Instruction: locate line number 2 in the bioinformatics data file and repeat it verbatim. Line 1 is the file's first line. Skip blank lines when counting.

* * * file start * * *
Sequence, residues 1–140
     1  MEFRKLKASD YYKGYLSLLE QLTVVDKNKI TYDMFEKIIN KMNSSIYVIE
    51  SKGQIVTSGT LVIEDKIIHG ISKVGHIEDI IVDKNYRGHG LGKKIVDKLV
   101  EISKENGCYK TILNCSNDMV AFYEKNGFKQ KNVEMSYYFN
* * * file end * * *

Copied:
     1  MEFRKLKASD YYKGYLSLLE QLTVVDKNKI TYDMFEKIIN KMNSSIYVIE